In this regard, Nigeria remains resolute in our commitment to supporting global efforts as enshrined in the Paris Agreement on climate change, which seeks to limit global warming and reduce greenhouse gas emissions.

The convening of the climate change summit last week by President Biden is a strong indication of the renewed interest of the United States to the Paris Agreement.

The security challenges in Nigeria remain of great concern to us and impact it more negatively by existing conflicts, negative pressures in the Sahel, Central Africa, and West Africa, as well as the Lake Chad region.  Compounded as the situation remains, Nigeria and our security forces remain resolutely committed to continue them and addressing their root causes.

The support of important and strategic partners like United States cannot be overstated as the consequences of insecurity will affect all nations, hence the imperative for concern, cooperation, and collaboration of all nations to overcome these challenges.

In this connection and considering the growing security challenges in West and Central Africa, the Gulf of Guinea, Lake Chad region, and the Sahel weighing heavily on Africa underscores the need for the United States to consider relocating AFRICOM headquarters from Stuttgart in Germany to Africa, and near the theater of operations.

On the part of Nigeria, I renew calls for enhanced collaboration in all forms with our friends and strategic partners to work together for greater security for all – the most significant condition for overcoming these existential challenges.

Thank you again, Mr. Secretary of State, for this meeting, and kindly extend my best wishes to President Biden.  Thank you.

SECRETARY BLINKEN:  Thank you very much, Mr. President.  And I will certainly do so.  Thank you.

PRESIDENT BUHARI:  Thank you.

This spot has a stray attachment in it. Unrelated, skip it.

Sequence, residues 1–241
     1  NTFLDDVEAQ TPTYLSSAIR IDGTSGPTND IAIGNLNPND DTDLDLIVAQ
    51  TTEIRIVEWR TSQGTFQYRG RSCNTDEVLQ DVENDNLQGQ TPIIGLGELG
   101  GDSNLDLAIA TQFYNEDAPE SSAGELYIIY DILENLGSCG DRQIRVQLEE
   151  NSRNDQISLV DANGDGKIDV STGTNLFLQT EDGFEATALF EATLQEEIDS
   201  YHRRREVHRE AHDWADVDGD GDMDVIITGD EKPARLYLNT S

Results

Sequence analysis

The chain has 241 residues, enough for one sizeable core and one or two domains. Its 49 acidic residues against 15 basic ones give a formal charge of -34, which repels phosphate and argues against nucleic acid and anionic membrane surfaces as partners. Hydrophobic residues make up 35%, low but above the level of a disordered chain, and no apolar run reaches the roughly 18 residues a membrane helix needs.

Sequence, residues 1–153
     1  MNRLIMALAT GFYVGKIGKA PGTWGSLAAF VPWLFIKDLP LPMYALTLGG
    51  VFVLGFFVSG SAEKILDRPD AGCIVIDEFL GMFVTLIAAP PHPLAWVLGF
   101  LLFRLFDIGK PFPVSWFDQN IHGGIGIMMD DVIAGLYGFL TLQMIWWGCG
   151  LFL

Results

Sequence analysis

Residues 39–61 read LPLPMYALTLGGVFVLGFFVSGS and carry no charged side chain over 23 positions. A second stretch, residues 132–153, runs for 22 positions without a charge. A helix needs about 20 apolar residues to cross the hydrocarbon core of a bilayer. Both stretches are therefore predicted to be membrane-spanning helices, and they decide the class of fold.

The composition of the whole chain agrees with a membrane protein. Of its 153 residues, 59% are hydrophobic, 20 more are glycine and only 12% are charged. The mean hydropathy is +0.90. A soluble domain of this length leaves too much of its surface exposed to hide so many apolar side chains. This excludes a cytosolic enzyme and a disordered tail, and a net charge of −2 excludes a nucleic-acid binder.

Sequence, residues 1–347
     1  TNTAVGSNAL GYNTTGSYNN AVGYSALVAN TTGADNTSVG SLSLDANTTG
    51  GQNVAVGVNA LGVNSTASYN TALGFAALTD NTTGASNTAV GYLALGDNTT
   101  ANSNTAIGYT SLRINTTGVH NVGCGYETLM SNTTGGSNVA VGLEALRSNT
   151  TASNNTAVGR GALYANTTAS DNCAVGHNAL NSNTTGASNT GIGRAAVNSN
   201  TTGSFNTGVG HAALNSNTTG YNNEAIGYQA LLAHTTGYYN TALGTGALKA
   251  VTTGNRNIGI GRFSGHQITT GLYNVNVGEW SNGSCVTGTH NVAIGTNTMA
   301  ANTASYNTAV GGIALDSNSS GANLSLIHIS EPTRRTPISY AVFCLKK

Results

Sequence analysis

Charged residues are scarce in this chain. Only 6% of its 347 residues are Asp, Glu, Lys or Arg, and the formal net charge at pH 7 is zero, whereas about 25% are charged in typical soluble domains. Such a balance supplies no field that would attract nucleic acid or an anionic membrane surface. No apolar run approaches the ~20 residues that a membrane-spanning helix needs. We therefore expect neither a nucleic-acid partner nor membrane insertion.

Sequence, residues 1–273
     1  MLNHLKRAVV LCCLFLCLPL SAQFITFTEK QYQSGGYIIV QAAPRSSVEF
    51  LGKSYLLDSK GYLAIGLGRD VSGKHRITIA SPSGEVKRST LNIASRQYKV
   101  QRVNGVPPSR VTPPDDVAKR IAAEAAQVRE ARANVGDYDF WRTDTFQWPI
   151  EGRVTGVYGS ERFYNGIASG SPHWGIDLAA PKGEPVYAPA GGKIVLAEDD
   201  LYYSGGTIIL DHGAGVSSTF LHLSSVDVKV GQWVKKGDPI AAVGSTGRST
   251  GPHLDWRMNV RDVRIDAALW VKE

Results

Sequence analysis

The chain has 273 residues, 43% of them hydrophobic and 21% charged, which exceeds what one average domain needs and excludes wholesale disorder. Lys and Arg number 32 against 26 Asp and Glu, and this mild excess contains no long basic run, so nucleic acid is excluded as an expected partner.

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    Federal agencies, including the Department of Energy (DOE) and the separately organized National Nuclear Security Administration (NNSA) within DOE, and uranium industry representatives have identified risks to the commercial supply chain for uranium needed for defense purposes. Such uranium may need to be mined domestically and enriched using U.S. technology to be free of obligations for the peaceful use of uranium and certain technology imported under international agreements. Identified risks to the unobligated uranium supply chain include (1) possible loss of domestic uranium mining capabilities and (2) possible challenges in re-starting the only facility in the United States for converting natural uranium into a form suitable for use in enrichment operations. Further, the U.S. has not had an operating enrichment capability that uses U.S. technology since 2013. Idle Domestic Plant for Converting Uranium to a Form Suitable for Enrichment DOE and NNSA have initiated actions officials believe will mitigate such risks to the unobligated uranium supply chain. For example, DOE and NNSA have both taken steps to reestablish a domestic enrichment capability with U.S. technology. In addition, DOE has proposed creation of a domestic uranium reserve to help support the domestic uranium mining and conversion industries until market conditions improve. DOE's fiscal year 2021 budget request includes $150 million for the reserve. However, we cannot conclude that the estimate is reasonable because it is unclear how the funding needs for the reserve were determined. By providing a more complete analysis to support future funding requests for the reserve, DOE could better provide assurance that such requests would achieve objectives. The Nuclear Fuel Working Group's strategy to mitigate risks to the domestic uranium industry does not fully incorporate all desirable characteristics GAO has identified for a national strategy. For example, it does not identify (1) the level of resources needed to support proposed actions or (2) an interagency coordinating mechanism. DOE is developing an implementation plan for the strategy, but DOE officials provided conflicting statements about the extent to which the agency will coordinate interagency implementation. NNSA has several defense needs for enriched uranium, including low-enriched uranium to produce tritium for nuclear weapons. To meet these needs, NNSA relies on commercial sectors of the domestic uranium industry, such as uranium mining or enrichment, which make up a supply chain for unobligated uranium. However, this industry faces commercial viability risks. In April 2020, the President's Nuclear Fuel Working Group released a strategy to mitigate risks to the domestic uranium industry. This working group includes DOE, the Department of Defense, and other agencies. Senate Report 115-262 included a provision that GAO review NNSA's planning for the future supply of unobligated enriched uranium. This report examines (1) risks agencies and others have identified to the unobligated uranium supply chain and agency actions to mitigate those risks, and (2) the extent to which the Nuclear Fuel Working Group's risk mitigation strategy incorporates desirable characteristics of a national strategy. GAO analyzed key NNSA and DOE planning documents and interviewed NNSA and other agency officials and industry representatives. GAO is making three recommendations, including that DOE improve its cost estimate to support future funding requests for the proposed uranium reserve and ensure its implementation plan for the strategy addresses each of the desirable characteristics of a national strategy. DOE concurred with GAO's recommendations. For more information, contact at (202) 512-3821 or bawdena@gao.gov.